Not only did last summer's English Learners Summer Academy help students become more language proficient, it also blazed the trail for the growing use of tablet technology in Merced schools.
Richard Alvarado taught second-graders at the summer program offered at Burbank and Sheehy elementary schools. He is now an associate principal at Leontine Gracey School and continues to see the value of the iPads and ChromeBooks introduced to the summer students.
"We called ourselves the pioneers," Alvarado said. "We were the first cohort to integrate technology into the classroom. At the end of summer, many of the kids didn't feel it was like summer school; they actually had fun while learning."
The nearly 300 ChromeBooks and iPads purchased with federal money are finding their way into regular classrooms, said Annie Dossetti, the Merced City School District's assistant superintendent for educational services.
Tablet technology is motivating, Dossetti said, and is engaging students in learning as the district prepares to transition into Common Core instruction practices. It started with the 263 students enrolled in the five-week summer school and their 18 teachers.
Jerod Garst, Burbank School principal and co-principal of the summer academy, said the introduction of computers was successful. One class of second-, third-, fourth- and fifth-graders at Burbank use the computers now.
Students are just getting started with learning what the computerized devices will do, Garst said, and he hopes they will plunge into other academic subjects as the year advances.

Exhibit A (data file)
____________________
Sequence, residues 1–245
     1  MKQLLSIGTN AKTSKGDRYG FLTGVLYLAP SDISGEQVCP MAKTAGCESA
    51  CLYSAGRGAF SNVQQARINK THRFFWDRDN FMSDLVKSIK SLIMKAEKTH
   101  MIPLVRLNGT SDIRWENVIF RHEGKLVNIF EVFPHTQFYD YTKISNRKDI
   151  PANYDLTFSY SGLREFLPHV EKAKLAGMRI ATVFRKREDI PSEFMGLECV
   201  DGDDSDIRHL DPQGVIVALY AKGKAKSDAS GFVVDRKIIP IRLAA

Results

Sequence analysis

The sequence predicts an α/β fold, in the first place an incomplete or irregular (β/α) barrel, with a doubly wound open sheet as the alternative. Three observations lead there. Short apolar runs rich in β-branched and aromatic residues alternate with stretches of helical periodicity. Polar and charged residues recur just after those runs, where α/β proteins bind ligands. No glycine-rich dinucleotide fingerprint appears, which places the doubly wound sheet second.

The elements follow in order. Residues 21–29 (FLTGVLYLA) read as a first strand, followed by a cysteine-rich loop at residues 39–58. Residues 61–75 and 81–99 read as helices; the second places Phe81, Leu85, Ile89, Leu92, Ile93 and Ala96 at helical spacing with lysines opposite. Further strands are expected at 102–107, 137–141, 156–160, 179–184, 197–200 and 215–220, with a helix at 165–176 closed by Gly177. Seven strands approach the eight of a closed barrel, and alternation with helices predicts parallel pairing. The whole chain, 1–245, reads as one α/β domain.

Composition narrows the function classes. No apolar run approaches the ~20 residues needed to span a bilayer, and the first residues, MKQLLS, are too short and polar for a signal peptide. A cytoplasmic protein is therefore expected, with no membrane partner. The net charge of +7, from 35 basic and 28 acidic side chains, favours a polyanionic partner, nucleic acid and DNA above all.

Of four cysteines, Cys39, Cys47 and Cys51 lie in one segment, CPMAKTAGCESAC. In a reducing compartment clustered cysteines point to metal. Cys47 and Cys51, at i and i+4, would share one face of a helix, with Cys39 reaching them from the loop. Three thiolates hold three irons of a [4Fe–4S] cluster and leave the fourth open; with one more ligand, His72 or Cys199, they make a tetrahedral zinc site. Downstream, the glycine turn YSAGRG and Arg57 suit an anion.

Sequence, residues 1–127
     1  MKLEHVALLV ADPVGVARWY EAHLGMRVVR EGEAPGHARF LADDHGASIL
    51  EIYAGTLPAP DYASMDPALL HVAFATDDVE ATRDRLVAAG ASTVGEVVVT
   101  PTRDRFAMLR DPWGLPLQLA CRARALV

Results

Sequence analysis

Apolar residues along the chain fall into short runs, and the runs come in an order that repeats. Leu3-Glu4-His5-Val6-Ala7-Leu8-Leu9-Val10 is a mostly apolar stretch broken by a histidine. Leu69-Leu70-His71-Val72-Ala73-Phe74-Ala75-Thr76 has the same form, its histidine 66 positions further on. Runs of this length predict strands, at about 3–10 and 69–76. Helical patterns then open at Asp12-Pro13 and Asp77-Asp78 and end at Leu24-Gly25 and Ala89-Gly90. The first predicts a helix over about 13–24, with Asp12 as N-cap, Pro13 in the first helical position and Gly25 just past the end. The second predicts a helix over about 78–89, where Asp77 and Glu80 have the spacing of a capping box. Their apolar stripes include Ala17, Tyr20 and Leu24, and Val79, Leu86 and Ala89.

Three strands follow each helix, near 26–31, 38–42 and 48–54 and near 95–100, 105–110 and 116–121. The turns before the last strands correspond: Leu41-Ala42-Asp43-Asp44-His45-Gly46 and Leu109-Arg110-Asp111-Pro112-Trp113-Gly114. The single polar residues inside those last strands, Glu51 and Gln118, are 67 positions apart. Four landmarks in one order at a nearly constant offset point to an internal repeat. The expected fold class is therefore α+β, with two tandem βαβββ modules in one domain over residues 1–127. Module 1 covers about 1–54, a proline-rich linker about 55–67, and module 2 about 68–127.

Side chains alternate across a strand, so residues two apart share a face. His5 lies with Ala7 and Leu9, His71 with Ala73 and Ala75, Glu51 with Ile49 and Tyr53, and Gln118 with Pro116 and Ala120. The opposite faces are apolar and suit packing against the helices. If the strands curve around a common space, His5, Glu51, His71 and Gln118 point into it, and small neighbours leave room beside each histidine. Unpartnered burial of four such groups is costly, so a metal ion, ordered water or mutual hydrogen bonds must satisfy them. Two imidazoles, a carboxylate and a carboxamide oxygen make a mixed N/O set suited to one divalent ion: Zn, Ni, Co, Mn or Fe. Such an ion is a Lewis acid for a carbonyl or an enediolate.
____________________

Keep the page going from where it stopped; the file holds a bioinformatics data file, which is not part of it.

"It was exciting to be part of it," Garst said, "seeing the possibilities of technology in the district. I think it is the wave of the future."
Summer students surveyed about their English and math classes said the electronic devices helped them. As they worked and wrote, the devices showed them their mistakes and how to correct them in real time.
Aaron Alexander, the other summer co-principal and learning director at Burbank School, said teachers and students were able to do dynamic things in the classroom.
He was amazed to see second-graders emailing their classmates and catching on to the technology in just five weeks. The students were able to take videos of their speeches and critique themselves afterward, noting where they had made mistakes, Alvarado said.
Alvarado believes students will score higher this fall on English-language testing thanks to the summer program.
He is looking forward to that technological momentum carrying forward as more teachers and students get excited about using the new technology.
Reporter Doane Yawger can be reached at (209) 385-2407 or email@example.com.